— Woman's Life in Colonial Days • Carl Holliday

... Commerce, secure in the knowledge its city suffered from nothing worse than fires, earthquakes, a miserable climate, and an invincible provincialism, invited displaced businessmen to resettle themselves in an area where improbable happenings were less likely; and the state of Oklahoma organized a border ...
— Greener Than You Think • Ward Moore

... could show their title to be regarded as members of the common race of humanity. As the special features of Greek civilization faded, the lineaments of this common humanity emerged more clearly into view, and the Greek, when he was compelled to give up his parochialism and provincialism, found himself already in spirit prepared to take his place as a citizen of the world. He had learned his lesson, and to him the whole world went to school, first to learn of him what civilization meant and then to better ...
— The Unity of Civilization • Various

... lives to the Revolution; though it must be conceded that he did unusual work, especially in his elaboration and interpretation of working-class philosophy. "Proletarian science" and "proletarian philosophy" were his phrases for it, and therein he shows the provincialism of his mind—a defect, however, that was due to the times and that none in that ...
— The Iron Heel • Jack London

... only in a limited part of the country is called a provincialism. It must be known and recognized for what it is worth, but not obtruded ...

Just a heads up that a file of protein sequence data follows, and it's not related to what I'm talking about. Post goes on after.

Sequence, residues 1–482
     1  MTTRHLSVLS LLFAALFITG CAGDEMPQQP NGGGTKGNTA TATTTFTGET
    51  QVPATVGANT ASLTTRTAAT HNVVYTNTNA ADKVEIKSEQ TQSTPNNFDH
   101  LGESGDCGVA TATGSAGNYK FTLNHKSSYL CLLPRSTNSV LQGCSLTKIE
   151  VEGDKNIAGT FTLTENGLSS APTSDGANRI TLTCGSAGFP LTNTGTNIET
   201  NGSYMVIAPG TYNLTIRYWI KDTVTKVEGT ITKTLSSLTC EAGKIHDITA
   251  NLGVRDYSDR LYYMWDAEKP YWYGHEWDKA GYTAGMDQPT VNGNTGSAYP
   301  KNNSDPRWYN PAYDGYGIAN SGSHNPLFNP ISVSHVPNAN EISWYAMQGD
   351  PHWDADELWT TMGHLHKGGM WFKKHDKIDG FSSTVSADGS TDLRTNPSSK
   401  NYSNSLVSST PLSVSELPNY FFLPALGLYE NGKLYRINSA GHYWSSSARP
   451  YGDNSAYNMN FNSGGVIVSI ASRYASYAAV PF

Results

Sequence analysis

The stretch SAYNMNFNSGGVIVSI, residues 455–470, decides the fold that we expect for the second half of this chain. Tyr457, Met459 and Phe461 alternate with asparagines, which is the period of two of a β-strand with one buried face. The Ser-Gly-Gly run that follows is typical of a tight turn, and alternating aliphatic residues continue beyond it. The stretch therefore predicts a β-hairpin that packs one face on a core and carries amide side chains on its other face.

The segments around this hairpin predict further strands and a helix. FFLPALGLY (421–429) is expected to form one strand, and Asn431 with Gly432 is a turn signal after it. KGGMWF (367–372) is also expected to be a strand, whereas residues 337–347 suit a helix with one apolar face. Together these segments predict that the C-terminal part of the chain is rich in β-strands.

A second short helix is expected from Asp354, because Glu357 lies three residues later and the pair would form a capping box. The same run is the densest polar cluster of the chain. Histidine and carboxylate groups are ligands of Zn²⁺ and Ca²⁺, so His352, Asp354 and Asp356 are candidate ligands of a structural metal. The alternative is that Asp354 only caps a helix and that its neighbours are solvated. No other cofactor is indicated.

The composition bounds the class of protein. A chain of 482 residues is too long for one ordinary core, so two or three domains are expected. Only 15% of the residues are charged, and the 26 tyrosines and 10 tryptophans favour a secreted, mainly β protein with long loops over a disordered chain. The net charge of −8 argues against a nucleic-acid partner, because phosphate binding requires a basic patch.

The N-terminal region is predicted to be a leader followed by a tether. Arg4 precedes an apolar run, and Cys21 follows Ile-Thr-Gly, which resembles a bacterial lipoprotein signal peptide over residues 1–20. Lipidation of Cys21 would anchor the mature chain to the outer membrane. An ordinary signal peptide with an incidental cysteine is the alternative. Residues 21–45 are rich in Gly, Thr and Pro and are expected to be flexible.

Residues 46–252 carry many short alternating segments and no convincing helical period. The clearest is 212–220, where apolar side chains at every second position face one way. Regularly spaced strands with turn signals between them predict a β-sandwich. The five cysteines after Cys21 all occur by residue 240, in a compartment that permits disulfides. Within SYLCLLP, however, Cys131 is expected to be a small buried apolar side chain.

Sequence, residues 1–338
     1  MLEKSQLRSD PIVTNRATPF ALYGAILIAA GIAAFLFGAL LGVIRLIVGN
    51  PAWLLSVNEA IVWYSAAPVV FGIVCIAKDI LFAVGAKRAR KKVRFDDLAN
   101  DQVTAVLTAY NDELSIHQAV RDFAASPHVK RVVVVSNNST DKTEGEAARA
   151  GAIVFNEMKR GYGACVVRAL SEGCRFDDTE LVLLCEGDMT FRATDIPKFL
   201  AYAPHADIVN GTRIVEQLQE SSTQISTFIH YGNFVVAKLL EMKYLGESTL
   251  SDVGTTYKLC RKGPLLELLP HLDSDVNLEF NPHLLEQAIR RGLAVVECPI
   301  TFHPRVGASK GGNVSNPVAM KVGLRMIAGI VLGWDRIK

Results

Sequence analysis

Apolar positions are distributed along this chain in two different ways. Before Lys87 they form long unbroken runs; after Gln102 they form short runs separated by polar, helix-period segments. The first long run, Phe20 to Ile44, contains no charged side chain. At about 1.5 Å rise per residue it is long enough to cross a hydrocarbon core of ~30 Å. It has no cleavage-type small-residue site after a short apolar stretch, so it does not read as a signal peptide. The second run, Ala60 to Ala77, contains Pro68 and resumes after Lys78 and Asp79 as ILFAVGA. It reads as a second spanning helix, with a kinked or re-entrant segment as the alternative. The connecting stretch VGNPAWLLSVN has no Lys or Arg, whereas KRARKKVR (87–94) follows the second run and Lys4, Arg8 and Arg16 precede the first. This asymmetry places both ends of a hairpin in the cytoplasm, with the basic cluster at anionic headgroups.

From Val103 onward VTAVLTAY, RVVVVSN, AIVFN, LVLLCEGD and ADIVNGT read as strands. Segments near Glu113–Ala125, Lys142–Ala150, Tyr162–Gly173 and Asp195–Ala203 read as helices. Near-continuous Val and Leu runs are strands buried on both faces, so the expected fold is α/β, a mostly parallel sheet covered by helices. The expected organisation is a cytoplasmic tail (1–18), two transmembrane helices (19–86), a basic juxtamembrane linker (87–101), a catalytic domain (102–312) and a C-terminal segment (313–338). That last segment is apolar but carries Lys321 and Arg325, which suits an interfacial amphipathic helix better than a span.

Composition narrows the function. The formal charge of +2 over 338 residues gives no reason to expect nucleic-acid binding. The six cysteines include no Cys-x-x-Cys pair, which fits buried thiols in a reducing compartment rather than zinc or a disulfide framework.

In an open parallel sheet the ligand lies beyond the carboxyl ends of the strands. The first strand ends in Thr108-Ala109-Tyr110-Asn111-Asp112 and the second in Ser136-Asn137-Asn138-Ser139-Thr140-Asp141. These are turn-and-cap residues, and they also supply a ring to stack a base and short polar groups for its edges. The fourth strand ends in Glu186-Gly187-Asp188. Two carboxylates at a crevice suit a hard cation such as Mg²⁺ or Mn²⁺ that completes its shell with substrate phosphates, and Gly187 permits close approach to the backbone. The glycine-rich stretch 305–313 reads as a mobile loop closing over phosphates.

— Slips of Speech • John H. Bechtel

... we can hope to have our dreams come true. It is a far cry from society as a strictly American affair to society as a world affair. The teaching of our schools has had a distinct tendency to restrict our notion of society to that within our own national boundaries. In this we convict ourselves of provincialism. Society is far larger than America, or China, or Russia, or all the islands of the sea in combination. It may entail some straining at the mental leash to win this concept of society, but it must be won as a condition precedent to a fair and just estimate of what the function ...
— The Reconstructed School • Francis B. Pearson

... indulge our traditional provincialism. We are to play a leading part in the world drama whether we wish it or not. We shall lend, not borrow; act for ourselves, not imitate or follow; organize and initiate, not peep about merely to see where ...
— President Wilson's Addresses • Woodrow Wilson

... can do away with the mutual dislike of Americans and Englishmen. It is a thing which cannot be eradicated in a day, but will die the sooner for exposure to the light, being an ugly growth of swampy prejudice and evil-smelling provincialism that needs the darkness and ...
— The Parts Men Play • Arthur Beverley Baxter

... from the Lyapinsky house, I related my impressions to a friend. The friend, an inhabitant of the city, began to tell me, not without satisfaction, that this was the most natural phenomenon of town life possible, that I only saw something extraordinary in it because of my provincialism, that it had always been so, and always would be so, and that such must be and is the inevitable condition of civilization. In London it is even worse. Of course there is nothing wrong about it, and ...
— The Moscow Census - From "What to do?" • Lyof N. Tolstoi

... reason of this undeniable provincialism of the English Puritans and Protestant Nonconformists, a provincialism which has two main types,—a bitter type and a smug type,—but which in both its types is vulgarising, and thwarts the full perfection of our humanity? Men of genius and character ...
— Culture and Anarchy • Matthew Arnold